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Perhaps when we need her bubbly genius most, Mindy Kaling, along with co-creator Lang Fisher, is gracing our (computer) screens with her new show Never Have I Ever. The show follows 15-year-old Devi, an Indian-American who is navigating high school and relationships with her two best friends following a traumatic time in her life. 

BUST spoke with Richa Moorjani, who plays Devi’s seemingly perfect older cousin Kamala who is pursuing her Ph.D. while living in Devi’s home. Coming from a family of performing artists, this is Richa's first series regular role — she's worked with Kaling before when she guest-starred on The Mindy Project, but for Never Have I Ever, Richa beat out 15,000 other actresses for the part. To top it all off, she's also a trained Bollywood, Kathak, and Indian classical dancer (seriously, this woman is talented). Over the phone, she spoke about what it was like to tackle the role of the seemingly perfect overachiever cousin, the experience of creating such a fresh take on the coming of age story, and why this show is long overdue. 

This interview has been edited for length and clarity.

When you first read the script, what stood out to you about the show? 

First of all, it's a show created by Mindy and I love pretty much everything that Mindy creates. What stood out to me was that the show had not just one, but three South Asian female lead characters. And that's something that we just never get to see pretty much on American TV. And I love the fact that the three characters all have different perspectives and experiences that they're bringing to the story. I love the fact that it was a comedy too, there's so much that you can do with that. I also really related to the role of Kamala when I first read it, so all those things were super exciting to me. 

Is Kamala the character from the show you relate to the most?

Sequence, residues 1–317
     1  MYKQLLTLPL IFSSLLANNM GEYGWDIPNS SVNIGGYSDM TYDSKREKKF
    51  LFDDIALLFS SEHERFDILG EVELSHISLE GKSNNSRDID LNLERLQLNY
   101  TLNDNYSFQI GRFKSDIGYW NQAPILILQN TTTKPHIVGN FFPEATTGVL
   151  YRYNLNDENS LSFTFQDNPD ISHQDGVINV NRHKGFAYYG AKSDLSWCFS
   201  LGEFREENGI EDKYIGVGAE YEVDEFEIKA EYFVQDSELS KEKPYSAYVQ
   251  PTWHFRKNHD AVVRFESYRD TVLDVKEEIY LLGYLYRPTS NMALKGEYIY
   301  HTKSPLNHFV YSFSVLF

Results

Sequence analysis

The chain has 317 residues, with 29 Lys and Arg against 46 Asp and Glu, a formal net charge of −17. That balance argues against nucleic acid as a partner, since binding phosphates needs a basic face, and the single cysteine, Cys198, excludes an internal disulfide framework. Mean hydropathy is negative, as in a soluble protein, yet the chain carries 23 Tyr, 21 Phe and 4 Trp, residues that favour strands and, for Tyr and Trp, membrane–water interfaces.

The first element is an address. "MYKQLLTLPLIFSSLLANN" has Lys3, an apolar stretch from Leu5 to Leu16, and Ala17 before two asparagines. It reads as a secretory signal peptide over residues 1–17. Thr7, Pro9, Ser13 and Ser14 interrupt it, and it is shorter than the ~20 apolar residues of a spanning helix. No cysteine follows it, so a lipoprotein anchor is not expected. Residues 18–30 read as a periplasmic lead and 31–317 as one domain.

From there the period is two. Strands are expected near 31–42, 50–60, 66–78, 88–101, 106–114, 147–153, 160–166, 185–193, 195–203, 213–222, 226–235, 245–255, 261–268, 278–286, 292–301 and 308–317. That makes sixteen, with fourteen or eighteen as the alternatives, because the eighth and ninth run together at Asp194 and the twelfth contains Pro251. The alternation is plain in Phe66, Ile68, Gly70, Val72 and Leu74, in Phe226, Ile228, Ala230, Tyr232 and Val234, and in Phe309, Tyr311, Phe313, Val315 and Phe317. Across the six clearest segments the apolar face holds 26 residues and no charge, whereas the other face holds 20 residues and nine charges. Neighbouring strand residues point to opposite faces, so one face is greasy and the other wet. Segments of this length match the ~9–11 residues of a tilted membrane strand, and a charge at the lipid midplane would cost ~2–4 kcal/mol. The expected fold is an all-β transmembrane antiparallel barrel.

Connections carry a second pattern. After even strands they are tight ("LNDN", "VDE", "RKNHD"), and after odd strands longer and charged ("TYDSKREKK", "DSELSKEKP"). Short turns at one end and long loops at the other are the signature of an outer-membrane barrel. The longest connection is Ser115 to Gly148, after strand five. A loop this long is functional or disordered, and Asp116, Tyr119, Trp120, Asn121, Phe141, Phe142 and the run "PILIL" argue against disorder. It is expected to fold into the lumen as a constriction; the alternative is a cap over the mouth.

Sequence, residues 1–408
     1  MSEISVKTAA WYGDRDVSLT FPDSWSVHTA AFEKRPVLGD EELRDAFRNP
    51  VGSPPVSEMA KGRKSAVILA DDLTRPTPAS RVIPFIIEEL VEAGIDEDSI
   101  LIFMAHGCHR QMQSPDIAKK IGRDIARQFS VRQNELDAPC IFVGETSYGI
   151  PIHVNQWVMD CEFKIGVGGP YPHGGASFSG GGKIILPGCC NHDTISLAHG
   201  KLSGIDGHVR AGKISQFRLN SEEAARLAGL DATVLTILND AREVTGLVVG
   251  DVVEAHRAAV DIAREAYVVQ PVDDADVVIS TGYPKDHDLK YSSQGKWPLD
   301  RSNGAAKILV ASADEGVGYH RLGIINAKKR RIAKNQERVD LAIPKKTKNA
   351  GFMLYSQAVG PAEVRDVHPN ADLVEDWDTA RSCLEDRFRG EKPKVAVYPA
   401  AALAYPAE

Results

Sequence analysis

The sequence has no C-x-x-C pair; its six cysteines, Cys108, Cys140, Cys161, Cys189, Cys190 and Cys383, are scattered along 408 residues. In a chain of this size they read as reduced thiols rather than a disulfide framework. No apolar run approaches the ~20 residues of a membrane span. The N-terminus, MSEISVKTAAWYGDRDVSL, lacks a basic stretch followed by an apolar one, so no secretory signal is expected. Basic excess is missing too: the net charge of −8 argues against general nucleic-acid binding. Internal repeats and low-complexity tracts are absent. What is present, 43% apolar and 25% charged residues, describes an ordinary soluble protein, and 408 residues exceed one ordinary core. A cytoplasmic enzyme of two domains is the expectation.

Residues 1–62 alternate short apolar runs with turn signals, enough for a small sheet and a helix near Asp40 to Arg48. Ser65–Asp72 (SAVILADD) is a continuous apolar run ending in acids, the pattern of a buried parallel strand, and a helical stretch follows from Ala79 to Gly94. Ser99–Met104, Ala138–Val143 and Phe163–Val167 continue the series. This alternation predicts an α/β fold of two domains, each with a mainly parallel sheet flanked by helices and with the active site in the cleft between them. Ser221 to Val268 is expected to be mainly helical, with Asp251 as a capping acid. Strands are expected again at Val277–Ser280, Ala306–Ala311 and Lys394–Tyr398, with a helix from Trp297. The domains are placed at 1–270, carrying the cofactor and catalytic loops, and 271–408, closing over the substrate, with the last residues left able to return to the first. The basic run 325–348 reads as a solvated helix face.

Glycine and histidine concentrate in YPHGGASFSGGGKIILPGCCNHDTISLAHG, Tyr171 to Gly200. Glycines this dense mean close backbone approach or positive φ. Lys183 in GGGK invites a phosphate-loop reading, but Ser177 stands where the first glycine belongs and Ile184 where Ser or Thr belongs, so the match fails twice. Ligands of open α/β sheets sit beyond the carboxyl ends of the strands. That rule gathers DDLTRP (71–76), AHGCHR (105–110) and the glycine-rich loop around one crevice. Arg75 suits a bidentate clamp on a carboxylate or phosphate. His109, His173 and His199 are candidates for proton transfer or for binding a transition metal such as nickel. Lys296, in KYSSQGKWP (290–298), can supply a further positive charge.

I do relate most with Kamala, even though I grew up here and like the character of Devi did. I always felt super connected to my culture and even though I grew up here, I spent a lot of time in India visiting family and I even lived there for a couple of years. Several years ago, I went there to pursue acting. Just like Kamala, I know how it feels to move across the world by yourself where you don't really know anybody to pursue a dream. We both also have very high expectations for ourselves. We both want to be perfect in so many ways. We want to need the perfect sister, the perfect daughter, and the perfect future daughter-in-law.

I saw in a past interview of yours that when you auditioned for The Mindy Project, you did not think the audition went well. I’m curious to know how this audition went for you.

The audition for this show was completely different. Not just from that, but from pretty much any audition I've ever had. Mindy put out a global casting call for the show on Instagram and she didn’t really say anything about what the characters were like or what the show was about. All it said was she wanted to open it up to the world so that she could get as many submissions as possible for these two characters because she wanted to make it as authentic as possible. All that said on the casting call was, she's in her mid-twenties and has an Indian accent. And so I was hesitant about even auditioning because I figured she’s going to get like a million submissions, mine’s probably just gonna get lost in the mix. So I sent in my tape and pretty much dropped all expectations of hearing anything back. The day right after my birthday, I got the call that I got the part, and I was driving somewhere so I had to pull over 'cause I was about to crash.